How to Accept eChecks
Learn How eChecks Make Doing Business Easy
eCheck payments are basically the virtual version of a paper check. Processed through an Automated Clearing House (ACH), an eCheck (short for electronic check) is a form of payment that has become increasingly popular for online transactions, large sales tickets, and recurring payments.
Business owners can expect faster processing times and lower processing fees on eCheck transactions. Below we’ll detail the steps you’ll need to take in order to start accepting eCheck payments at your business.
How to Accept eChecks:
What You'll Discover Below
Payment Processing 101
eChecks can be a convenient and cost-effective source of revenue once you’ve set up an ACH account with your payment processor.LEARN MORE
What Is an eCheck?
An eCheck (or electronic check) is a payment method that serves as the digital version of a paper check. As an alternative to paper checks, eChecks offer a fast and secure way to transmit money from one account to another electronically. Your business can accept eCheck payments in-store, online, and/or over the phone.
Should My Business Accept eCheck Payments?
You should definitely consider setting up your business to accept eChecks because customers today expect merchants to accommodate a variety of payment options. Plus, certain businesses can benefit from the ease with which eChecks allow for recurring payments. Think of gym memberships, property management companies, and subscription-based services.
Even brick-and-mortar stores can process paper checks as eChecks—you just need to set up a merchant account with an ACH provider and get the right payment processing equipment.
How Does an eCheck Work?
Like paper checks, eChecks basically authorize the customer’s bank to release funds to the merchant’s bank. The key difference is that paper checks often require face-to-face interaction and either hand-delivering checks or sending them via postal mail.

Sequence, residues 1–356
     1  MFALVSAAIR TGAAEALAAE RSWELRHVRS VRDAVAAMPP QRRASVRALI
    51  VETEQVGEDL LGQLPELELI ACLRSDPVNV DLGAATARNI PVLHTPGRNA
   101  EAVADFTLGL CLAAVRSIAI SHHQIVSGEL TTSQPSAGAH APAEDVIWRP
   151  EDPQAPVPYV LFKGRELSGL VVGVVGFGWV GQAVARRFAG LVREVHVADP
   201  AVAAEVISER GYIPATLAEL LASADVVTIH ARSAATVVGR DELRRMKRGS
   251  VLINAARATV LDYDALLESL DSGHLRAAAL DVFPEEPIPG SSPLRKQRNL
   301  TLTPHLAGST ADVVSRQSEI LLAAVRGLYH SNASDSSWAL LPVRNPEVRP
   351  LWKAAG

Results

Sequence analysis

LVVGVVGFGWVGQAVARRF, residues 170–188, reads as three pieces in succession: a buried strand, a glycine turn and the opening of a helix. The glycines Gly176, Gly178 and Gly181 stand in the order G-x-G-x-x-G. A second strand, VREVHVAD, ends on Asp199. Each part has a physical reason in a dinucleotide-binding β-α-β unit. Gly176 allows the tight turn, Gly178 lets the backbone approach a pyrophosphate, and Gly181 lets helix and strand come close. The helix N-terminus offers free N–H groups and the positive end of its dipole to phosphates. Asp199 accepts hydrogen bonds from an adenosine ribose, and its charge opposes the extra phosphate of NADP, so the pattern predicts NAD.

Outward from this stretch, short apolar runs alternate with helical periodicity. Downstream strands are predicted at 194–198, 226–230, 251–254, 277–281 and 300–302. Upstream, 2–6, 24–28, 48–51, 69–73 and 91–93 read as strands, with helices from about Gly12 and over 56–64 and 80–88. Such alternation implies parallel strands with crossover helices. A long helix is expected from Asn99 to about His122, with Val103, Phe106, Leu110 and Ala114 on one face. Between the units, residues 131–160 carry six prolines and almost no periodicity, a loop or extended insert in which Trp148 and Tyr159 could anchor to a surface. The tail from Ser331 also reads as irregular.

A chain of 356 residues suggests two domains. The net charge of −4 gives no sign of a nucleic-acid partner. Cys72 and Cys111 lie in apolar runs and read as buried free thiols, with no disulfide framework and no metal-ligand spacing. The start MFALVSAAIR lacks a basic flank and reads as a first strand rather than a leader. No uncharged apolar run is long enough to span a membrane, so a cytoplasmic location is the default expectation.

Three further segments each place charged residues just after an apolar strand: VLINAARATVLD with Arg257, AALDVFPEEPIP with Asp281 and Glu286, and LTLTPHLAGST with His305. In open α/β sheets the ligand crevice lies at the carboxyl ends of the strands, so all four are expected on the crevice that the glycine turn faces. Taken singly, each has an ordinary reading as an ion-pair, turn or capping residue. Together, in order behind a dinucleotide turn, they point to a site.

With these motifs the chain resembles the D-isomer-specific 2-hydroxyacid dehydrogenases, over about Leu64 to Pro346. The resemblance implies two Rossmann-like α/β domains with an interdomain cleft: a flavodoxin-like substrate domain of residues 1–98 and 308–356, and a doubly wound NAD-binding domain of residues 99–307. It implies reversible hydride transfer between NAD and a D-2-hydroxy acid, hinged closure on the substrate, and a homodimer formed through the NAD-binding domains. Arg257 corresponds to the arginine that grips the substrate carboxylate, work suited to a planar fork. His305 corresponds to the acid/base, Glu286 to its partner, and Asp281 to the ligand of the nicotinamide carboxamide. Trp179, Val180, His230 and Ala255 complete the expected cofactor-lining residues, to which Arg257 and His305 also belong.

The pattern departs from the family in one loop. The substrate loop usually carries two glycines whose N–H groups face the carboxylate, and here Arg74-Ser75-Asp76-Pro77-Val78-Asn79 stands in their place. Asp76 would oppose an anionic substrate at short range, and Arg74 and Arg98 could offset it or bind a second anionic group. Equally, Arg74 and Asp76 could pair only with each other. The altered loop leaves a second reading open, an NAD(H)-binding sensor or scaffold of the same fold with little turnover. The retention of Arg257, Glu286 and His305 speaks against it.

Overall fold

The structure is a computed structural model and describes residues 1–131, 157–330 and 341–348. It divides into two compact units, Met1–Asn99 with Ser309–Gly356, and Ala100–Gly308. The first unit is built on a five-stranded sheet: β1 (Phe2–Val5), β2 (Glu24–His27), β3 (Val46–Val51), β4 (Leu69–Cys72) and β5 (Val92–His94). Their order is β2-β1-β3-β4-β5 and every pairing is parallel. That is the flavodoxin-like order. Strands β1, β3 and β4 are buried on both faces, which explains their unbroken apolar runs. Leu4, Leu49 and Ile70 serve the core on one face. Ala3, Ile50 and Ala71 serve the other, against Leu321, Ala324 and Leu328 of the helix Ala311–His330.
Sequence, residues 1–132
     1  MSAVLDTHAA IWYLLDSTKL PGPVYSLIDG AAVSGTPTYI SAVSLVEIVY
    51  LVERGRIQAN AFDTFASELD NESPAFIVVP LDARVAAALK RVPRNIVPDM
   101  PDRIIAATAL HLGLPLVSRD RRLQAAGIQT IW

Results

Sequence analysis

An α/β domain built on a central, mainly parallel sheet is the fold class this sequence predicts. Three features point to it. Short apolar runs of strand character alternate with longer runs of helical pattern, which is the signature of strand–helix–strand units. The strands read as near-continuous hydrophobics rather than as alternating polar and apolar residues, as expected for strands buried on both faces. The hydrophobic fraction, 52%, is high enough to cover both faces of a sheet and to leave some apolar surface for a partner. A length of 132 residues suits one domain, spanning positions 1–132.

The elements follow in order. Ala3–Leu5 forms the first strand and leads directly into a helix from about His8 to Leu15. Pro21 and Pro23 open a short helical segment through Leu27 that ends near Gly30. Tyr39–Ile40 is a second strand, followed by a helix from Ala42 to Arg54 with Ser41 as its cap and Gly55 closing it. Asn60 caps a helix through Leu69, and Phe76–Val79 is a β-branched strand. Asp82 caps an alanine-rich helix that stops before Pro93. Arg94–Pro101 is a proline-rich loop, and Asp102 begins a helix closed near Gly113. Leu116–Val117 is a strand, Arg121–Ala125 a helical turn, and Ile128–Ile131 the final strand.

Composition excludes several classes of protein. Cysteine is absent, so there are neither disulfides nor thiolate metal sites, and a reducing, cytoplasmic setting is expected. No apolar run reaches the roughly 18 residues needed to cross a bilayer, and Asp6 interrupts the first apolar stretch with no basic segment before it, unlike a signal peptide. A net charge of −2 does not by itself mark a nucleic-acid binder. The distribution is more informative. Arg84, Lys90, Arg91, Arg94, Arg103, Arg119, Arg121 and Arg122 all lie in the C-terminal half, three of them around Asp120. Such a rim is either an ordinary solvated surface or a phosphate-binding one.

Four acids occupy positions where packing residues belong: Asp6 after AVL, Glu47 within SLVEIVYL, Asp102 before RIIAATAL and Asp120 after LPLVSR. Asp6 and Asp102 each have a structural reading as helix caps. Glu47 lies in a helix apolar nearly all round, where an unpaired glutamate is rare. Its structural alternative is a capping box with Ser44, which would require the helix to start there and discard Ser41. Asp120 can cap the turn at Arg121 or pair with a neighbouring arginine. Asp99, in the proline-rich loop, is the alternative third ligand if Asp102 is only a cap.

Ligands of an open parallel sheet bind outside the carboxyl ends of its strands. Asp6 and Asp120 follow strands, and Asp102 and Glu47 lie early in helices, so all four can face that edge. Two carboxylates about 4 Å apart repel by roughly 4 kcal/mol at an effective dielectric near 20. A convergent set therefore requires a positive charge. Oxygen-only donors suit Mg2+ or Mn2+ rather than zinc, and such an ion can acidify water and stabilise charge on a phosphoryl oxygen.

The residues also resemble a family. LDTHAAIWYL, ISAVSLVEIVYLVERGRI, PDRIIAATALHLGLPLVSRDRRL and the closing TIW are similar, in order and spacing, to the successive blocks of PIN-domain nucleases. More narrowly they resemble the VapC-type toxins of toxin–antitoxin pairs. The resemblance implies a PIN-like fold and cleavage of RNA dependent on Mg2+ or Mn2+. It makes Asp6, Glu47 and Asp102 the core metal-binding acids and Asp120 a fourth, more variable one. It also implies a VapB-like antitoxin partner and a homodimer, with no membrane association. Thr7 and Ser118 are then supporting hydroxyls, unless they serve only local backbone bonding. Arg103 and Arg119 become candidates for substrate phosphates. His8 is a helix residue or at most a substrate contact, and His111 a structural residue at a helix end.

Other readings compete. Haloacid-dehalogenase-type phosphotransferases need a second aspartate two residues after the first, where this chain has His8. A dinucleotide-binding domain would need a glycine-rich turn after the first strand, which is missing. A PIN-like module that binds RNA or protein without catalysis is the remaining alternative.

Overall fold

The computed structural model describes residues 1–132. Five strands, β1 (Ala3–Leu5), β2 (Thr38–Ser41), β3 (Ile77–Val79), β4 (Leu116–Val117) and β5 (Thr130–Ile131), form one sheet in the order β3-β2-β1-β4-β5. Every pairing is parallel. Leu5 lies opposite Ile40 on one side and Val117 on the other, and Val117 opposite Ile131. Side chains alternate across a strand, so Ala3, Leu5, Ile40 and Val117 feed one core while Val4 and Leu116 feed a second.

The process is much more streamlined with eChecks. Everything can be processed digitally, saving everyone the trip and postage stamps. Here’s what happens when your customer uses an eCheck as payment:
- Authorize. The customer authorizes the transaction (via digital signature, typically) and submits their checking account number, bank routing number, and payment amount.
- Submit. The merchant inputs the customer’s bank and payment information. If it’s a recurring payment, the merchant will also indicate the recurring payment schedule.
- Process. The ACH network processes the transaction, communicating with the customer’s bank to verify the customer’s information.
- Deposit. The funds are electronically withdrawn from the customer’s account and sent to the merchant’s banking institution to be deposited in the merchant’s bank account.
This process is similar to what would happen with a paper check. Since eChecks are processed by the ACH electronically, though, the processing time is minimized, meaning you’ll get your payments faster.
Setting Up an ACH Merchant Account